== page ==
Sunday, December 13, 2009

There's something wrong with this picture.

Matt Taibbi has written a polemic -- Obama's Big Sellout : Rolling Stone -- attacking the Obama Administration's lovefest with the financial sector, and expressing the disappointment felt in the Democratic Party, at the absence of progressive change.

Matt Yglesias suggests that the problem, lies more in the Congress than in Obama, more in the centrism of Ben Nelson, Senator from Nebraska and the most right-leaning Democrat in Congress, than in the centrism of Obama, or such leading Obama administration stalwarts as Larry Summers.

Matt's theory of politics is one of continuum, I guess, and if the Congress moves a bit Left, with the mid-terms, the Left sees more of its agenda enacted.

To quote Matt, Matt: "That’s not how things work."

Steve Benen summarizes the emerging political dynamic:
"Over the last several months, the right has come to believe that the president is a fascist/communist, intent on destroying the country, while at the same time, many on the left have come to believe the president is a conservative sell-out. The enraged right can't wait to vote and push the progressive agenda out of reach. The dejected left is feeling inclined to stay home, which as it turns out, also pushes the progressive agenda out of reach."

It'd be great to see the governing majority give Democratic voters a reason to feel excited. It's not like there's a secret agenda needed to make the base happy: finish health care; pass a jobs bill; finish the climate bill; bring some accountability to the financial industry; finish the education bill; pick up immigration reform; repeal 'Don't Ask, Don't Tell.' Demonstrate that a Democratic Congress and a Democratic president have the wherewithal to tackle the issues that matter and know how to get things done.

But Matt's call for a shift in focus is important here. Remember: nothing becomes law in this Congress unless Ben Nelson and Joe Lieberman approve. Literally, nothing. That's not an encouraging legislative dynamic, and it's not within the power of the White House to change it.

It is within the power of voters to change it.

Obama has asked Congress to deliver on a pretty large-scale agenda. For all the talk about the president's liberalism or lack thereof, the wish-list he's presented to lawmakers is fairly progressive, and it's not as if Obama is going to start vetoing bills for being too liberal.

But Congress isn't delivering.

I personally wouldn't let Obama entirely off the hook. The President's ability to set the agenda rests on his skill in proposing. And, in many ways Obama has fallen short, precisely at the proposing stage.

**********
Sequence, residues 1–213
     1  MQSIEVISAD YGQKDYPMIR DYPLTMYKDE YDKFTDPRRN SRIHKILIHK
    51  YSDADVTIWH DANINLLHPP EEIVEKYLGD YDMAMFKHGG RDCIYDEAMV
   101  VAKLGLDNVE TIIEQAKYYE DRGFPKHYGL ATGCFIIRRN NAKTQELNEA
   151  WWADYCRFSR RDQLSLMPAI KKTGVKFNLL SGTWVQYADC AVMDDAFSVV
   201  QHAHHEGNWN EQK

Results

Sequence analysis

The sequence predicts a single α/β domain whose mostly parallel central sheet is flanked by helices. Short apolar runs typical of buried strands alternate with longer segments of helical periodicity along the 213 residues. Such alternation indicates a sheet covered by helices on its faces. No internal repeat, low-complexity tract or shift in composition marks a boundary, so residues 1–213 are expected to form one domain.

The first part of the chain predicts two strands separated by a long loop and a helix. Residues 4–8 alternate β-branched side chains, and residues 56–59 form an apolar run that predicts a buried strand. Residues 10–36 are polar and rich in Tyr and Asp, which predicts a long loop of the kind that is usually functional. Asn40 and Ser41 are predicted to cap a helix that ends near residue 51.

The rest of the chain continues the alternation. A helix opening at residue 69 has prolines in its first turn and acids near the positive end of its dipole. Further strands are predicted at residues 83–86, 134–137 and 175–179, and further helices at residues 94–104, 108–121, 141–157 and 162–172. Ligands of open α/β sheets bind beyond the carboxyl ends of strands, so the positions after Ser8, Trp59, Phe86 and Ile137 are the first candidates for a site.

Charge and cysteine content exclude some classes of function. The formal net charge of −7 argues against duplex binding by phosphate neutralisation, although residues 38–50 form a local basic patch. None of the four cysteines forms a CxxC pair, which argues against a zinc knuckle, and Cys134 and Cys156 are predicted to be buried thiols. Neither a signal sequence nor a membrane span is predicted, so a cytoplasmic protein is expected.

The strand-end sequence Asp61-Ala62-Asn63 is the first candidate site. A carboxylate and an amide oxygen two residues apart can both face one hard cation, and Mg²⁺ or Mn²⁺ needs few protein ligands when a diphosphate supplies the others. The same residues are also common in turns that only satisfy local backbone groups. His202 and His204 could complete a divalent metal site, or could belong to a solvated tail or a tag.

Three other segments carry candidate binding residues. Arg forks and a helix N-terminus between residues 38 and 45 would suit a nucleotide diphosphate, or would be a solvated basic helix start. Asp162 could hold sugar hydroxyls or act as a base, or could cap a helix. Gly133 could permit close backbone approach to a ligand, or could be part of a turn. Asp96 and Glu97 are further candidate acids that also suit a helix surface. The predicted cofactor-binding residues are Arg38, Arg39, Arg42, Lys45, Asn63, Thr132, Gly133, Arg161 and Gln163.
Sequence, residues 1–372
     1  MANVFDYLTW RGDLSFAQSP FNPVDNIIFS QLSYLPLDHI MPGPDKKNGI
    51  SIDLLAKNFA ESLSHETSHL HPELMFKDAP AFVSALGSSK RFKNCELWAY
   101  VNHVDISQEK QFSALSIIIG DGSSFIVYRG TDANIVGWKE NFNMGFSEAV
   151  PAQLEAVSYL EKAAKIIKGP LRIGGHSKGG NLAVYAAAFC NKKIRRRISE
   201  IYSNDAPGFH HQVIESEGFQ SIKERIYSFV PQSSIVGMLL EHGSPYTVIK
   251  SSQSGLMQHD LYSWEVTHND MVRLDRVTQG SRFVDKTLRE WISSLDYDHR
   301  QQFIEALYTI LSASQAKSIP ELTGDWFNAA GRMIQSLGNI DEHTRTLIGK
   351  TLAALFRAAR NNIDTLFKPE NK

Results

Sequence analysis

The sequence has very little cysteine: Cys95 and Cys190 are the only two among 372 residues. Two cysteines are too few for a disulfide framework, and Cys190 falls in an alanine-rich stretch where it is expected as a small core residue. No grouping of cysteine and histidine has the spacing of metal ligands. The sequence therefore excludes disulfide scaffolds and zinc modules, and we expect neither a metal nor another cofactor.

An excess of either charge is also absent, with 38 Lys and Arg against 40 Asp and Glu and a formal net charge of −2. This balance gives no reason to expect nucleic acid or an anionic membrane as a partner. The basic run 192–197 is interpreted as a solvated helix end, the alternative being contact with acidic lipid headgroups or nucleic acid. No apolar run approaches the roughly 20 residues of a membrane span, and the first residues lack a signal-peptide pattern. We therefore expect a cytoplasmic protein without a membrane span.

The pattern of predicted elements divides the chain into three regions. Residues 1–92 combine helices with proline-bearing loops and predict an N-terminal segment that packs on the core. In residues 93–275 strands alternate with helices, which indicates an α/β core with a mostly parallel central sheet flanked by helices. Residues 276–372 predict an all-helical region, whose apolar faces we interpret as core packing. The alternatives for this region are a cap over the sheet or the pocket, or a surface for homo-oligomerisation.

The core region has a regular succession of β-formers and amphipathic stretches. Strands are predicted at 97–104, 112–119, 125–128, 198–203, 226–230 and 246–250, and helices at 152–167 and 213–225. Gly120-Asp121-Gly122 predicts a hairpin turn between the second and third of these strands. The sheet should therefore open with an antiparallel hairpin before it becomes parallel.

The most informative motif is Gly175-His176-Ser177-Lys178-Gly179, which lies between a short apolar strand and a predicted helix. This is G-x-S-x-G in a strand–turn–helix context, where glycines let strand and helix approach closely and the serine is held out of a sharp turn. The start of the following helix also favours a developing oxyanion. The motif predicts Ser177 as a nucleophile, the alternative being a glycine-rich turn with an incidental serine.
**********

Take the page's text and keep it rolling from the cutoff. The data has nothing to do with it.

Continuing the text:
Moreover, politics is a bit more strategic than counting the same noses, over and over.

But, Steve Benen gets a little more specific than Yglesias about the mechanics:

The two obvious explanations happen to be the right ones: 1) for the first time in American history, every Senate bill needs 60 votes, which makes ambitious/progressive policymaking all but impossible; and 2) there are a whole lot of center-right Democratic lawmakers, which, again, makes ambitious/progressive policymaking that much more difficult."

That filibuster threshold of 60, which didn't seem to trouble the Bush Administration in the years when the Republicans controlled Congress is a mite suspicious. If Ben Nelson is not the 60th vote, his approval is not needed for every bill that passes. He's much less important.

The Constitution says the Democrats need 50 votes to pass legislation thru the Senate. Any supermajority requirement is simply contrary to the Constitution. It is an excuse that Obama and Harry Reid have grabbed onto, in order to govern the country from the corrupt center. The Democratic Majority can break the filibuster rule at anytime. They don't do it, because they don't want to.

American politics has become a single continuum of worldview for the first time in our political history. Every Democrat is more progressive and more liberal than every Republican. In Congress, and pretty much in the country.

And, in this continuum politics, the Left has a hard time reaching anyone on the Right. The Middle, the Center, is feeling its power, and is not listening to reason, because
1.) it has forgotten how;
2.) it doesn't have to (it thinks) to win elections or win legislative battles.
The Center does not feel the need to make concessions to the Left.

And, yes, the Centrist instincts of the Obama Administration are exacerbating this troubling situation.

I don't know what will happen in the mid-terms. If centrist Democrats lose their seats, but the Democrats retain their majority, the progressive agenda might actually get easier to pass, even if the Republican minority increases in size. If corrupt centrism is no longer a winning electoral strategy, the behavior of moderate Democrats in Congress is likely to change. And, the Democrat majority might well become more coherent.

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